Florida Gov. Ron DeSantis on Monday formally received a controversial measure that includes eliminating permanent alimony — the Legislature’s fourth attempt in recent years at rewriting the state’s alimony laws.
The bill (SB 1416), in part, would eliminate permanent alimony and create a formula for alimony payments based on the lengths of marriages.
Among other changes, it would allow people paying alimony to seek modifications if “a supportive relationship exists or has existed” involving their ex-spouses in the previous year.
In the news: Florida Gov. DeSantis Presidential Camp Takes Swipe At Trump On Immigration
DeSantis, who is running for president, vetoed an alimony bill last year, and former Gov. Rick Scott vetoed two alimony measures.
But after years of battling about the issue, The Florida Bar’s Family Law Section and supporters of overhauling the system signed off on this year’s version.
The bill moved steadily through the Legislature, and received final approval on May 2. But the proposal drew criticism from members of the “First Wives Advocacy” group, which is made up mostly of older women who rely on permanent alimony payments.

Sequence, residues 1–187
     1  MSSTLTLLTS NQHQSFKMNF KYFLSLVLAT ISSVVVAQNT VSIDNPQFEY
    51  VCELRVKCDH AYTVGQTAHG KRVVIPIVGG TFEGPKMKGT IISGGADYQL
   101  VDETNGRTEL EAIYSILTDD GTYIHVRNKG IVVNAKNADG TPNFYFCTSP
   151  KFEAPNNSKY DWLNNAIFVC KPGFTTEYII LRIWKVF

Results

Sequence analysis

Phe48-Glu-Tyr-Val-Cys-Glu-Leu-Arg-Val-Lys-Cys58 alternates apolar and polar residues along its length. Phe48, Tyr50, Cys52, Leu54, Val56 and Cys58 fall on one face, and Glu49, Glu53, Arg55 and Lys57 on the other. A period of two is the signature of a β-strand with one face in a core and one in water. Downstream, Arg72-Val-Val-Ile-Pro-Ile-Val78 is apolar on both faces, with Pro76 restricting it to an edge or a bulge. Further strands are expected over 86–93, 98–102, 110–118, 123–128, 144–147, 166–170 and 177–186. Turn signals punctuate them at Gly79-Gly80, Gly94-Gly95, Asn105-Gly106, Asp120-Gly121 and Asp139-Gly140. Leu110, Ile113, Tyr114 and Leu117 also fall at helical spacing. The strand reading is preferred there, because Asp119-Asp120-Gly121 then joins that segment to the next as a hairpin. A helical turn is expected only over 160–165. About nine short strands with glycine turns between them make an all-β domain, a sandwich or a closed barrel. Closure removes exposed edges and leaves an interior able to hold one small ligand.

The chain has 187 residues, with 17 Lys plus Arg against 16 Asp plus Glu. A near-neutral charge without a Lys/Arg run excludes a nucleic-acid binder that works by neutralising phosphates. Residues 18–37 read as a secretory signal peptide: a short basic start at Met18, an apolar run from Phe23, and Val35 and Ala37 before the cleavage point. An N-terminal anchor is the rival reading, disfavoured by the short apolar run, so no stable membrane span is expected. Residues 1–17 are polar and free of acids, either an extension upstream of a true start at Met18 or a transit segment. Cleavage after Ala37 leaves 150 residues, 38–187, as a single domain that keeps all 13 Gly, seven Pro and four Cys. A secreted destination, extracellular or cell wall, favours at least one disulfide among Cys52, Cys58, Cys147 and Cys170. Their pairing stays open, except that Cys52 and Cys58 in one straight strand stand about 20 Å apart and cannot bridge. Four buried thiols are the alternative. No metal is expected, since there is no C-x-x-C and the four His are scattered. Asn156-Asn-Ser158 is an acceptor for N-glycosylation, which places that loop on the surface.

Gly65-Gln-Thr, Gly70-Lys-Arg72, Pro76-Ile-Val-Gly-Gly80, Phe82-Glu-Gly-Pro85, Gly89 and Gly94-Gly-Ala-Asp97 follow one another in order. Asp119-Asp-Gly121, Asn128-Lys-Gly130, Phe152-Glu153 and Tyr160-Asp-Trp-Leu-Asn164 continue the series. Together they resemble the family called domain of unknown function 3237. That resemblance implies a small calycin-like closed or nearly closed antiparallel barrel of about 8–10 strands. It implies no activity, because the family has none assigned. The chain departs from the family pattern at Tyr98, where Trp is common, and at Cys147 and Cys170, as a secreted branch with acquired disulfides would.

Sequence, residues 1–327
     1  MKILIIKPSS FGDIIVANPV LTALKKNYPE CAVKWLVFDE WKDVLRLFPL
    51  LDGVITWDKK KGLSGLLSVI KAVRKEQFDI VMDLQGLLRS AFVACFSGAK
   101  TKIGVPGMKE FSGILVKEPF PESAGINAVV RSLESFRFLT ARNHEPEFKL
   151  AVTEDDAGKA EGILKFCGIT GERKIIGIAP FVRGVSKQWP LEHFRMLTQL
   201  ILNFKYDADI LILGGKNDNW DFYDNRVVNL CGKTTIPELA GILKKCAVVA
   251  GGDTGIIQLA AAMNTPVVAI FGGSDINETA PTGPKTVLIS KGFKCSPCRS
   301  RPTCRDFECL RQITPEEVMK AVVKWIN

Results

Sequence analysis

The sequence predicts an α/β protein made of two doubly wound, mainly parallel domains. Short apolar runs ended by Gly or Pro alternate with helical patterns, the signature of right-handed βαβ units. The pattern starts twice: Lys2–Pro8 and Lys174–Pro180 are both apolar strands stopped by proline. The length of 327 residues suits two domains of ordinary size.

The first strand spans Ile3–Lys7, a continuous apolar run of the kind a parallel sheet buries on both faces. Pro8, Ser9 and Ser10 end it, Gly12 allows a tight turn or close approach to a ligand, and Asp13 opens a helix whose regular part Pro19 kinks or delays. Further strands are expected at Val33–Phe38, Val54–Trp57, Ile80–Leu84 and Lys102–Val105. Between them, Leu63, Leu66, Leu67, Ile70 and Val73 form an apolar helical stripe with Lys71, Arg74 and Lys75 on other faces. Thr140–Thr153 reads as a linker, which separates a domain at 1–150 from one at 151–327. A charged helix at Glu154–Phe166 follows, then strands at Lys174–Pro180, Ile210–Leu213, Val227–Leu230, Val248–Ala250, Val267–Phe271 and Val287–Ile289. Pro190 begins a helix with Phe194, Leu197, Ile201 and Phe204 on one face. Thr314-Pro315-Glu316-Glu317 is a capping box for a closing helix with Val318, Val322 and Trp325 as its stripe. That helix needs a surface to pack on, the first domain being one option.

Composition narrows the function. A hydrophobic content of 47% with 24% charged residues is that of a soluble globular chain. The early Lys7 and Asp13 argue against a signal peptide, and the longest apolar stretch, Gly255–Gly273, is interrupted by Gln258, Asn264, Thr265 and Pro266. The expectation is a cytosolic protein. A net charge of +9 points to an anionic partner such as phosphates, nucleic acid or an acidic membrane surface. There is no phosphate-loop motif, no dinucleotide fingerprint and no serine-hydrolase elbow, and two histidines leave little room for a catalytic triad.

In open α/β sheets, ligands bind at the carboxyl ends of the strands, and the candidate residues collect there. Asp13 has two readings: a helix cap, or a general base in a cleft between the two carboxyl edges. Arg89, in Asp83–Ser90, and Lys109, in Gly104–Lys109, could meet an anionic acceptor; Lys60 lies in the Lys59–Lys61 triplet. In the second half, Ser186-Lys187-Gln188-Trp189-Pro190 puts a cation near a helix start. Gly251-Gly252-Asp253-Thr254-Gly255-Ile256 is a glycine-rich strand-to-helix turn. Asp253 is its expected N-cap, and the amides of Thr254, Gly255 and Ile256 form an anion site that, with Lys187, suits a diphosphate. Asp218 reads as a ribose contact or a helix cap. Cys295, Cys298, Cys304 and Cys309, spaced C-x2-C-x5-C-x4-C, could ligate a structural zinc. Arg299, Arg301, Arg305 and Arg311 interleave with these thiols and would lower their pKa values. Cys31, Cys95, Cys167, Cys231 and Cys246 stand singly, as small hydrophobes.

Supporters of the measure maintain that it would “codify” court rulings about permanent alimony into state law. Sen. Joe Gruters, a Sarasota Republican who shepherded the bill, contended the proposed changes would not unconstitutionally affect existing alimony settlements, an issue that DeSantis raised in last year’s veto.
In the news: Florida Pool Contractor Struck By Shrapnel After Dunedin Homeowner Opens Fire
But other backers of the measure conceded that the measure would allow modifications to current permanent-alimony agreements.
We can’t do this without your help; visit our GiveSendGo page and donate any dollar amount; every penny helps.